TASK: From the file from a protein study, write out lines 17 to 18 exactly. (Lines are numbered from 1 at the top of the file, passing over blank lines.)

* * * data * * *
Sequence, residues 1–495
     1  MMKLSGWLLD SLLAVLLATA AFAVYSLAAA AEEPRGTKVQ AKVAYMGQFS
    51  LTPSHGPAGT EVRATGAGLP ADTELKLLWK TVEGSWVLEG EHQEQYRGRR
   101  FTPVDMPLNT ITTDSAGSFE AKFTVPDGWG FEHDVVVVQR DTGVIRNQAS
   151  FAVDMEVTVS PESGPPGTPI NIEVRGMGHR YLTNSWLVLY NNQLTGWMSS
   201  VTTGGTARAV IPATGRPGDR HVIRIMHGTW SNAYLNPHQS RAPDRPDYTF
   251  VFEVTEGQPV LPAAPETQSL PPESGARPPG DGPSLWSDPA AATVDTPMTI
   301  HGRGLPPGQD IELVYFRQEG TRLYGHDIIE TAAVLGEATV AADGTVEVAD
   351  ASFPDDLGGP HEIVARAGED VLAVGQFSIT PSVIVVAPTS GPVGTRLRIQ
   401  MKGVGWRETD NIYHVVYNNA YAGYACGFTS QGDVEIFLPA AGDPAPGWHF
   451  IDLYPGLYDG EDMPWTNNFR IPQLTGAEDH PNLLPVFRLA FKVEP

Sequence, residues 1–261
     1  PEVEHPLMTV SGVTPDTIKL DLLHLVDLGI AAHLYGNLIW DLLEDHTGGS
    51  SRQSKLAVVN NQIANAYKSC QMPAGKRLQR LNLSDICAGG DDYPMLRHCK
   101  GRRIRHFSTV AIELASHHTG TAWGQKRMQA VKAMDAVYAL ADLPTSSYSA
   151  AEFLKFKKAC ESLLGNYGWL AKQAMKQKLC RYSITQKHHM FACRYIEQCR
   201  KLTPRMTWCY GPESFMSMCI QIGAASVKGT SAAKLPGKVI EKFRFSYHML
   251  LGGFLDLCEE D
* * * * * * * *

   201  KLTPRMTWCY GPESFMSMCI QIGAASVKGT SAAKLPGKVI EKFRFSYHML
   251  LGGFLDLCEE D